Fig. 3: Light diffracted by Agfacolor lenticular film (ca. 1930), magnification 20x (photomicrograph by Silvana Konermann).

Fig. 4: Reflection on Sirius Kleurenfilm, front (photography by Barbara Flueckiger).

Fig. 5: Reflection on Sirius Kleurenfilm, back (photography by Barbara Flueckiger).

Fig. 6: Sirius Kleurenfilm, magnification 20x (photomicrograph by Silvana Konermann).

Materiality and opacity of digital data

As mentioned before, though printing a film produces a gap in the history of its material, this gap is much more pronounced in the case of digitisation. Digitisation (the scanning of film) means the transformation of a physical object into digital data. Many theoreticians who have reflected on digitisation stated that digital data is devoid of any material basis. In my investigation of properties of digital images I have elaborated a different account, which forms the basis of the following discussion.[20]

One of the most important insights I elaborated is the fact that there is no such thing as the digital image, only a variety thereof. There is a big difference whether a digital image is captured with a digital camera or whether it was generated by means of computer software. In addition, there are processes that translate analog images into the digital domain, either to render them with software for compositing, along with other post-production tools such as editing or color grading, and/or to display them on electronic devices. For many years a majority of films have been shot on analog stock, then scanned, post-processed, and ultimately printed back on film for distribution in the cinema.

Despite the great variety of digital images all of them share some common features. With the exception of procedural forms of representation which are independent of resolution, all digital images are raster graphics represented by an orthogonal grid of pixels. Each pixel is assigned a value, and this value is encoded in binary form through a combination of the digits 0 and 1. The range of these values is explicitly defined by the bit-depth. An 8-bit representation consists of 28 which equals 256 steps; a 10-bit representation of 210 equals 1024 steps. All the steps between the minimum and the maximum are assigned integer multiples of a basic value.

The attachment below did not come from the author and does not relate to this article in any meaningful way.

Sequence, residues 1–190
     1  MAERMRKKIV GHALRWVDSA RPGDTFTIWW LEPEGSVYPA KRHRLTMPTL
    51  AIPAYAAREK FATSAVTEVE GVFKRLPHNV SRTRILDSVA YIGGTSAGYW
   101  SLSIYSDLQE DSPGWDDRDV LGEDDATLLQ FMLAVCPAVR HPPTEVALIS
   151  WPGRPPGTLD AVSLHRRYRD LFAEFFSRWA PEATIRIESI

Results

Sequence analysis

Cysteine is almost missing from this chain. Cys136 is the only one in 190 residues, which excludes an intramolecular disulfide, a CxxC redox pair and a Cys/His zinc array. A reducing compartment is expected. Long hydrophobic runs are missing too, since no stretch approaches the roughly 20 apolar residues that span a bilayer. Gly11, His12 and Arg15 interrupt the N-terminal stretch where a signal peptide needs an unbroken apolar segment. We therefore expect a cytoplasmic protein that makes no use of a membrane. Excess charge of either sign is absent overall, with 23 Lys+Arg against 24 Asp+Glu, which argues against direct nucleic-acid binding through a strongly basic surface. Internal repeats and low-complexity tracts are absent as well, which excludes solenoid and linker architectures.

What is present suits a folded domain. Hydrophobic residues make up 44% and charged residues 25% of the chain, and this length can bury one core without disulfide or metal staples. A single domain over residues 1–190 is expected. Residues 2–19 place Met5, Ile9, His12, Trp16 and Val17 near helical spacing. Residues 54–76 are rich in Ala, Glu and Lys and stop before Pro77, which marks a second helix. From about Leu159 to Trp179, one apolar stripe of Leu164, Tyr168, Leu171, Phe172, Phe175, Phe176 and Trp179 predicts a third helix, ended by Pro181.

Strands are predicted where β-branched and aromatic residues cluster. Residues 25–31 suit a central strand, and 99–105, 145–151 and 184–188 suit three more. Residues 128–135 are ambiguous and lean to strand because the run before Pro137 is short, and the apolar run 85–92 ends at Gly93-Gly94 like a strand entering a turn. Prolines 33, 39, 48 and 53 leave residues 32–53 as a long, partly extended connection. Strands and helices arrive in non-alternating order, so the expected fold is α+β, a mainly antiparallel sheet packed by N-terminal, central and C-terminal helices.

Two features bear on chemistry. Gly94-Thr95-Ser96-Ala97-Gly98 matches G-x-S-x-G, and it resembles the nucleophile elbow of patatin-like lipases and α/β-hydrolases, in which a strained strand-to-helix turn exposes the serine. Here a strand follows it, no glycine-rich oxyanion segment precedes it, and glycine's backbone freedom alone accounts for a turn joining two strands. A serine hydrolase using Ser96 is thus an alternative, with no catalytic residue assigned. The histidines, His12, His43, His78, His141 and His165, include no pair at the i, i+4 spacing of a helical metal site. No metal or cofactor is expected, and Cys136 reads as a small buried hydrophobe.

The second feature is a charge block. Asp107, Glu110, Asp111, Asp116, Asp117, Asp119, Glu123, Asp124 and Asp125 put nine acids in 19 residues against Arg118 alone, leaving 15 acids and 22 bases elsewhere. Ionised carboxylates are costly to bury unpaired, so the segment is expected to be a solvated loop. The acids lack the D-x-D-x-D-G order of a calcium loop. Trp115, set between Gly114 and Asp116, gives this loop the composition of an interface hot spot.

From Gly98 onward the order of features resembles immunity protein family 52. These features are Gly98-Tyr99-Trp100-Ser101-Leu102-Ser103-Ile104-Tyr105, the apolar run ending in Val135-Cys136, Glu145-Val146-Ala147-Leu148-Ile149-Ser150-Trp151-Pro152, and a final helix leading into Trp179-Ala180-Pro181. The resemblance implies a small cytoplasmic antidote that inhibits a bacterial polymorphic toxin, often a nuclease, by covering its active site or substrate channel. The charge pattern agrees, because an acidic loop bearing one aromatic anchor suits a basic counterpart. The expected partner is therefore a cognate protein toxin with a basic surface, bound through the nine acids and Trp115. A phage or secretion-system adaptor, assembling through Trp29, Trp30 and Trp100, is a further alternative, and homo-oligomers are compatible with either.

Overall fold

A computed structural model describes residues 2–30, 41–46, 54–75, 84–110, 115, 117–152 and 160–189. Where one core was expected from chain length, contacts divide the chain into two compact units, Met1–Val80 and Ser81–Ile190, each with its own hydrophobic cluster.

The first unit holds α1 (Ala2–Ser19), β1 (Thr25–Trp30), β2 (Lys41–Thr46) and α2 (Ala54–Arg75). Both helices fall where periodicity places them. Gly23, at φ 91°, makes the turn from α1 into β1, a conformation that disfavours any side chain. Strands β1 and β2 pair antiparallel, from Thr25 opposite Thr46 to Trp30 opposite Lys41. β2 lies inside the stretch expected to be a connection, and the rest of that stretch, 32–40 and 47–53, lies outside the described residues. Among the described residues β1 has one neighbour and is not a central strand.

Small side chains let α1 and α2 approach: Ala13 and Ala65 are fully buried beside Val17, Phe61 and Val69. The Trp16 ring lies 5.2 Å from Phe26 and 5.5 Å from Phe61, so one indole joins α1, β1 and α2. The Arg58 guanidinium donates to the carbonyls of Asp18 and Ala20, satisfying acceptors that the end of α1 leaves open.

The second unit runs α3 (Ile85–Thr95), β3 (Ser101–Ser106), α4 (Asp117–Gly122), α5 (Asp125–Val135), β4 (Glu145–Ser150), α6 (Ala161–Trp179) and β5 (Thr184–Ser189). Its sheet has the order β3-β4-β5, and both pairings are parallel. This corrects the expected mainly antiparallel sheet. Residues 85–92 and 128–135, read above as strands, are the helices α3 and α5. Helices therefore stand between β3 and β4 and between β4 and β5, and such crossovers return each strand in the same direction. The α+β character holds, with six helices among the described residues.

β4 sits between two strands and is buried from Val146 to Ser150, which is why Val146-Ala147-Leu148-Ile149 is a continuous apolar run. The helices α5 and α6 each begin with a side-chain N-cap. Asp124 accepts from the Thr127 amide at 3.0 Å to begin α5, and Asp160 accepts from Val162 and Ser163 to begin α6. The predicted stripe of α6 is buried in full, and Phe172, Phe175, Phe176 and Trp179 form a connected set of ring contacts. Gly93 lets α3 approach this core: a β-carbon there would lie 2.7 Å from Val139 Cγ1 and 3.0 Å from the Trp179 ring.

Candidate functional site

Therefore, a digital representation is said to be discrete because it consists of separate tonal values, in opposition to analog representations with continuous tones. In his now famous statement, Mitchell suggested the following metaphor to illustrate the fact: ‘[r]olling down a ramp is a continuous motion, but walking down stairs is a sequence of discrete steps – so you can count the number of steps, but not the number of levels in a ramp.’[21] As I have previously elaborated,[22] this metaphor has become obsolete when we consider human perception as a reference. Or, in other words: are there still steps if we perceive them as ramps?

The bit-depth and the spatial resolution of advanced digital images can greatly surpass the resolution of 35mm film. Pixel size is well below the size of individual grains. We should even ask ourselves if a photographic image with a structure of white (no grain) and black (grain) should not also be considered as a discrete representation in a 2-bit encoding. Every shade of grey in this system is a function of the accumulation of silver grains in the emulsion. While this observation is not devoid of truth, in the case of photo-chemical stock we need to consider the third dimension which enables individual grains to be located in variable depth throughout the emulsion.